• avatar
    rudiger

    Ironically, a vehicle pretty close already exists. It’s the Dodge Charger Police Package that was reviewed right here on TTAC a little while ago. While it’s certainly over the weight/size target, a $25k, new Hemi Charger fills the bill in most other aspects. The only problem is that it’s not available to the general public.

    The real question is whether that same market still exists today for more than a few remaining, aged motorheads that still long for a reincarnation of the strippo, taxicab trim-level 1968 Plymouth Roadrunner.

    It’s too bad Chrysler didn’t stay true to the heritage of the original, basic sixties’ Super Bee/Roadrunner and just slapped some high-impact colors and (more subtle) tape stripes on a stripped police Charger. It would have been interesting to see how well it would have sold instead of the loaded, $40k+ ‘limited edition’ versions of the SRT-8 that have been languishing on dealer lots, in some cases for years. I guess instead of going for the volume profit of getting more of the newer, younger buyers, their logic was that nostalgia would make the much better off geezers cough up for a way more expensive version Super Bee.

  • avatar
    lowinor

    Mid-engined roadster under $30k.

  • avatar
    jmo

    wsn,

    I don’t know how much of a market there is for cars costing less than 10k. You can get a Nissan Versa for 9,990 new, but I don’t think they are flying off the lot.

    With cars being so much more duarable than they used to be, I don’t think people are really interested in spending 10-15 years in a penalty box. In addition, when you get down that cheap you are also competing with any number of good quality used cars.

    In reality, a new 9,990 Versa is a better bet finacially than a 5 year old Camry – but few people are really going to make that choice.

  • avatar
    rkeep820

    Wah wah cry me a wahmubulance that not everyone can afford the beast that is an N54 in 1 or 3 series trim. Get a better job or invest on the short side of the market and you’ll be able to get a used one for 20k in 5 years.

    What’s next, Porsche stinks cuz they have too much performance? LOL

  • avatar
    Robstar

    How about an AWD american manufacturer rally-style car that compete well with the STi/Evo for $30′ish?

  • avatar
    Justin Berkowitz

    rkeep820 :

    Wah wah cry me a wahmubulance that not everyone can afford the beast that is an N54 in 1 or 3 series trim. Get a better job or invest on the short side of the market and you’ll be able to get a used one for 20k in 5 years.

    What’s next, Porsche stinks cuz they have too much performance? LOL

    This is cutting analysis.

  • avatar
    dgduris

    What’s missing – simply – is a Legacy Spec. B Wagon!

  • avatar
    shiney2

    Clearly the big hole is the compact pickup/van segment. Its a proven market given the huge number sold in the 70s/80s, but now the smallest truck on the market, the ranger, is a midsize that’s 15 years out of date.

    My second choice would be a truly small light RWD sport sedan&coupe. A real spiritual successor to the BMW 2002, with a high quality chassis and simple maintenance and space efficient design. Even something like the 91-94 Sentra SE-R is currently lacking. The closest thing on the market might be the FIT, which is FWD van thing but at least captures the right fun/function combination. Everything is either oversized/overpriced/unsophisticated in behavior etc.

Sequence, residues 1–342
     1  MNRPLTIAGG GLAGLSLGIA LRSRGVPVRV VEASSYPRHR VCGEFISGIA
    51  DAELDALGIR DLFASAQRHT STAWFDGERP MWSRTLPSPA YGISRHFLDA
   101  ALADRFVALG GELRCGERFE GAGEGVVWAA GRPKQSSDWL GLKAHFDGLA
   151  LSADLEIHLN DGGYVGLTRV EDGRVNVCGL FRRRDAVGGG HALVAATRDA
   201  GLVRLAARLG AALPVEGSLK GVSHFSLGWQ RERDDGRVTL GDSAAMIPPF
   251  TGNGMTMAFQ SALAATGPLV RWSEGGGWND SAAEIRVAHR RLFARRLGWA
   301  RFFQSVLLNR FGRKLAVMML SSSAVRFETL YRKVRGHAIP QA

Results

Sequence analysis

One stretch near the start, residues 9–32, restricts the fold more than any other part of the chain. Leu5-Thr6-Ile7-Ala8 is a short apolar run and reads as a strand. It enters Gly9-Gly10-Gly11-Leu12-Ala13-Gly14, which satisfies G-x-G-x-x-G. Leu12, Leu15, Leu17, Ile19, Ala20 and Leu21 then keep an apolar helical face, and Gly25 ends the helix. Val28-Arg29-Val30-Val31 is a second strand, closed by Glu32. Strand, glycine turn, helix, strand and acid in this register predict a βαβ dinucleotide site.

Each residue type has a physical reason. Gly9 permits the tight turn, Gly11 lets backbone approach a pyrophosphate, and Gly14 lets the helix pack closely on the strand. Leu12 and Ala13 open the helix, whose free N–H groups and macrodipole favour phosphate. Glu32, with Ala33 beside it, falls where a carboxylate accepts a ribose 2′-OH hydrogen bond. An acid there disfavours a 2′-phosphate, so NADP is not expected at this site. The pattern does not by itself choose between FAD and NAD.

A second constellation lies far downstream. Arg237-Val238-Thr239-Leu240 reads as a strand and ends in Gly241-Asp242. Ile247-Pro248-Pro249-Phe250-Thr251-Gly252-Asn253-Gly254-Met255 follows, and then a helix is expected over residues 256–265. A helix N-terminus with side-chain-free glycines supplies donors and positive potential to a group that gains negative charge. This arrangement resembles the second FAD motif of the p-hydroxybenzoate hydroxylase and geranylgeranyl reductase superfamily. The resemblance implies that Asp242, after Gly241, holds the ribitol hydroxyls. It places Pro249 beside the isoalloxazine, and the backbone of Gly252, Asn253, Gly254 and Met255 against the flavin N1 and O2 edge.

• avatar
    shiney2

    BTW – The Miata driveline & chassis used in a simple sedan might do the trick.

  • avatar
    CommanderFish

    I want liftbacks.

    Look of a sedan/coupe, functionality of a hatchback!

    The only option I can even think of for buying a recent liftback is a used Mazda6 5-door. That still is a nice car, but now nobody sells liftbacks new in the US.

  • avatar
    holydonut

    Is the Hyundai Genesis Coupe is too heavy? What about a Miata, Crossfire, or Solstice?

    But really, car-makers are in the business of making cars and making money (well, at least they’re supposed to be). You might as well say that there is a big hole in the market is for 7 passenger SUVs for $20K. If it’s not profitable to operate in a market segment, then it really isn’t a hole. I can’t buy wool slacks for $5 at Wal-Mart either, but that’s not something that will be remedied soon.

    RWD inherently costs more to produce than FWD, and the volume for RWD is poor in sales regions with poor weather conditions. I don’t care if you know an uncle of a pizza delivery guy’s girlfriend with a 240SX in the heart of Colorado. I’m talking about generalities where lightweight RWD isn’t a good seller in large parts of the USA.

    Premium/sporty RWD above $20K (like BMW and Mercedes) works because the high margins make up for the volume. Budget RWD doesn’t work because budget cars need to be high volume. If a large number of buyers are presented with an Accord or your theoretical RWD car, they’ll opt for the Accord because it’s more pragmatic.

  • avatar
    jmo

    So, I looked up the numbers on a BMW 2002. In 1975 they were priced between 5500 and 8500 depending on options. Adjusting for inflation that’s 20,900 to 32,100. I think there would be a large market for a 4cyl RWD sedan at those price points.